The Gibson Flying V is such a prominent symbol of rock warriordom today that it’s hard to imagine a music scene without it. Yet there was a time when it did not exist, and that pre-V world was a very different place indeed. Born in 1958 and refined in ’59, this iconic guitar arrived when the Cold War was raging, a gallon of gas cost 25 cents, and the first US passenger jet flights were just beginning. Amid all of this, and with rock ’n’ roll still in its infancy, one of America’s more traditional guitar manufacturers busts out with the most ferocious and thrusting electric design imaginable—a veritable hormone-fueled rocket of pure teen rebellion. Ahead of its time? The Flying V was totally out of its dimension.
Alongside the equally radical Explorer, the Flying V was part of Gibson’s Modernist series of ’58, a two-guitar lineup that exploded all previous notions of what an electric guitar could be. Not only was the Flying V’s shape wildly original, it was also made from solid korina wood (also known as African white limba), a variety that hadn’t been commonly seen in solidbody guitar making before this time, but had been used in Gibson’s Consolette and Skylark Hawaiian steel guitars. A relative of mahogany, korina is a light, fine-grained wood with a slightly golden hue, and excellent resonance and sustain. When crafted into a good design it can make for a rich, singing solidbody guitar with a particularly lively and detailed midrange response. Partnered with a pair of PAF humbuckers, the Flying V and Explorer constituted a force to be reckoned with in the tonal stakes.
Never mind that it’s almost impossible to play a Flying V sitting down (despite the token gesture of a ribbed rubber pad attached to the body’s bottom edge to provide a little traction in your lap). When you strap on one of these bad boys you really need to be standing, pant-legs flapping in the spotlight as a full-stack rages at your back. In order to make that wildly high neck/body joint stable, Gibson used an unusually long neck tenon in a pocket that extends well beyond the neck-pickup route, while saving real estate at the body’s back end by using a stylish “V” bridge plate and through-body stringing into ferules at the rear of the guitar. Combined, these constructional features worked toward a meaty, sustaining response. Filter that through the most revered humbucking pickups ever made, and most original Flying Vs are absolute tone monsters.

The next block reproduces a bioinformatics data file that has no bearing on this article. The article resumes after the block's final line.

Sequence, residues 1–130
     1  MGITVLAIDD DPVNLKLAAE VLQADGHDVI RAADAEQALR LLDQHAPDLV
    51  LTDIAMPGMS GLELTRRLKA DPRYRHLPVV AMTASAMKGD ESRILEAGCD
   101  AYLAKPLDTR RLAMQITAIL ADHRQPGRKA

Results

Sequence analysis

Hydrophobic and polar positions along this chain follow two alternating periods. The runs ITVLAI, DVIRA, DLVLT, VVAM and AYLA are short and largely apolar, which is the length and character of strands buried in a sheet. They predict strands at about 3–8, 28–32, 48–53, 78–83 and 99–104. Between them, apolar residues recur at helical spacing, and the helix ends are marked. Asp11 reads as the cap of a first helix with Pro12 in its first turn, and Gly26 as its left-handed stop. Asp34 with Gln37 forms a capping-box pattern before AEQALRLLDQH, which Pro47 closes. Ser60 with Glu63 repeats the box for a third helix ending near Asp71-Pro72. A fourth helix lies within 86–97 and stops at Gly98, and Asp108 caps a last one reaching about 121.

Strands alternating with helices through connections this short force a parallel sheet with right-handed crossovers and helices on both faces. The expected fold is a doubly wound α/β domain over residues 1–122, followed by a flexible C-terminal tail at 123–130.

Early adopters of the Flying V included Albert King and Lonnie Mack, while Keith Richards of the Rolling Stones and Dave Davies of the Kinks picked up first-run examples some years after their extinction. Yet it’s no surprise that this outlandish, space-aged guitar was just too much for most musicians of the late ’50s and early ’60s. The original release vanished from the Gibson catalog post-1960, after fewer than 100 had been made. It would be revived later in the decade—and remained a rock staple forever after—but the original korina Flying Vs are among the rarest of rare birds. Gibson’s Custom Shop released a highly regarded 1959 Flying V reissue in the late ’00s, and several other makers have paid homage to the design, but the originals changed the concept of what you could do with a solidbody electric guitar, and confirmed that it could be a sculpture, a statement of intent, and a powerful musical instrument all at the same time.
> V-shaped body made from solid korina (aka white limba)
> Glued-in korina neck, unbound rosewood fretboard with dot inlays
> ABR-1 “Tune-o-matic” bridge
> “V” tailpiece with through-body stringing
> Gold-plated hardware
> “Patent Applied For” humbucking pickups